Postdoc: Assessing the sensitivity of semiarid ecosystems to hydroclimatic variability.
The University of Arizona and at the Southwest Watershed Research Center seeks a Postdoctoral Research Associate to study semiarid ecosystem response to hydroclimatic variability. Research activities will include substantial ecophysiological field work and opportunities for linking site-based observations to cutting-edge remote sensing and modeling techniques. The position will be jointly advised by Joel Biederman, Research Hydrologist at the Southwest Watershed Research Center, and Bill Smith, Assistant Professor in The School of Natural Resources and the Environment.
The researcher will lead the design and implementation of a field experiment using rainfall manipulation shelters to simulate future climate. Response variables to be measured include soil hydrology, ecosystem structure, productivity, and gas exchange of CO2 and water vapor at the leaf- and plot-levels. This experiment will serve as a test bed for development of sensors and methods to remotely sense ecosystem function under variable climate conditions, especially drought, including NDVI, EVI, PRI, thermal, and sun-induced fluorescence (SiF). Beyond the primary focus, collaborative opportunities will be encouraged to integrate field and remote sensing data across a collaborative network of ecosystem research sites in the Western US and Mexico.
Research will be conducted in one or both of Southeast Arizona’s long-term hydro-ecological research sites: the Santa Rita Experimental Range and the Walnut Gulch Experimental Watershed. The postdoc will have the opportunity to work closely with a diversity of top research labs at the University of Arizona, including the Arizona Remote Sensing Center, Terrestrial Vegetation and Climate Lab, Terrestrial Ecology Lab, and Laboratory of Tree Ring Research. Initial funding is in place for 18 months, with strong potential for renewal, depending upon satisfactory performance.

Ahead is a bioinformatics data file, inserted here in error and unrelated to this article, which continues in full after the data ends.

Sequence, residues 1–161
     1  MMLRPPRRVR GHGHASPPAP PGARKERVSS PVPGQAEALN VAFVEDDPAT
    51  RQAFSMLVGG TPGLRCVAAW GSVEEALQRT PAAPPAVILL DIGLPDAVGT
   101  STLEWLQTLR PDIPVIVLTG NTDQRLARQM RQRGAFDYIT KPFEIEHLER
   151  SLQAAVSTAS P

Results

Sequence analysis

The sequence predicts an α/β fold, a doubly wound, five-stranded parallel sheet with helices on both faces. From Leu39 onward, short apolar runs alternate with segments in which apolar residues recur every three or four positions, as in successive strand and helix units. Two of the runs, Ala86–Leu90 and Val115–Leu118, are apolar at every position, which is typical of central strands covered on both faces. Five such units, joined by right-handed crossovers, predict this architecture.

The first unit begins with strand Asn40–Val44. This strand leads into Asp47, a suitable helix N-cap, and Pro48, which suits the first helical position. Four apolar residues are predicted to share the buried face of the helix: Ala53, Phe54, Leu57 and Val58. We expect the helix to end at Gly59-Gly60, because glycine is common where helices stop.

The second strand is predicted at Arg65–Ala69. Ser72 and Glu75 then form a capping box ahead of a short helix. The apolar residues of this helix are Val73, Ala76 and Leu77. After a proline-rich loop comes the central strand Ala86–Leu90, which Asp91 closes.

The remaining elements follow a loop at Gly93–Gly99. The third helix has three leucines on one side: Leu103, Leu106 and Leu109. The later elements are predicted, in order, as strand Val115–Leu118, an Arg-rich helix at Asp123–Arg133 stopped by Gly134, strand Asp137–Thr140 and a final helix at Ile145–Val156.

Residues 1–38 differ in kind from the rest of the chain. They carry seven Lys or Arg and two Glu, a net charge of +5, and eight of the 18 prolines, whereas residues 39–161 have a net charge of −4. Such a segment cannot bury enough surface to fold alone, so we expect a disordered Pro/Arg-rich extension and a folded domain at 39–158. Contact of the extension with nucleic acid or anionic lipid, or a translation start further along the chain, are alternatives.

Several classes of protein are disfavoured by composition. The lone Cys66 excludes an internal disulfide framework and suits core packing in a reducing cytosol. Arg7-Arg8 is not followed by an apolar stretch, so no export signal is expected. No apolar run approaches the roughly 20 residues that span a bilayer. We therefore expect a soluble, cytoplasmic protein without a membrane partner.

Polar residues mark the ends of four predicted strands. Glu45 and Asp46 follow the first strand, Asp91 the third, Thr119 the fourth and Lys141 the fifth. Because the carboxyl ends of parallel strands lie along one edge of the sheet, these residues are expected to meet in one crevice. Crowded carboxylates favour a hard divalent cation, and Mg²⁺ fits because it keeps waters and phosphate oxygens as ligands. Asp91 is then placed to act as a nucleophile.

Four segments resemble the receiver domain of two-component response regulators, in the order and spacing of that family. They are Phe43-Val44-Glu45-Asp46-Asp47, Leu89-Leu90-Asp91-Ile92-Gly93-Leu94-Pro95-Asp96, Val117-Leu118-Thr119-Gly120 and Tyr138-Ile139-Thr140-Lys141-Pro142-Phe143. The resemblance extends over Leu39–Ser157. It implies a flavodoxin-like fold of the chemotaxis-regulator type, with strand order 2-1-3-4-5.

- Candidates must have earned their Ph.D. by 01/01/2019.
- Demonstrated experience in ecosystem science or ecohydrology and a broad perspective on ecosystem processes and climate feedbacks.
- Experience with field work, measurements and sensors
- Peer-reviewed publication record appropriate to career stage.
- Ability to collaborate with an interdisciplinary team.
- Organizational and communication skills (both oral and written).
- Prior experience with spatiotemporal data and geospatial analysis using R, Python, MATLAB and/or other computer programming languages
- A proven publication record in peer-reviewed scientific journals and a demonstrated high level of productivity.
The postdoc will be hosted jointly in the state-of-the-art Environment and Natural Resources 2 building at the University of Arizona and at the Southwest Watershed Research Center, where completion of a new research building is anticipated during 2019. Tucson is a unique, diverse and fun-filled university town. This mid-sized city strikes an excellent balance between outdoor and urban opportunities. Tucson is surrounded by forested sky island mountains and a diversity of unique desert ecosystems. As such, it is an outdoor enthusiast’s dream town (cycling, hiking, running, climbing, etc.). Meanwhile, city enthusiasts will find ample choices for multi-cultural foods, public events, live music and entertainment.
To apply, please 1) contact Joel Biederman (joel.biederman[at]ars.usda[dot]gov); and 2) apply through the University of Arizona UACAREERS web portal: https://uacareers.com/postings/32743 Applications should consist of a full curriculum vitae, a 1-page cover letter outlining the candidate’s suitability for the job (including both prior experience and future research interest), a pdf-file of one publication, and the contact information for three references. Initial review of applications will begin November 1, 2018 and continue until the position is filled.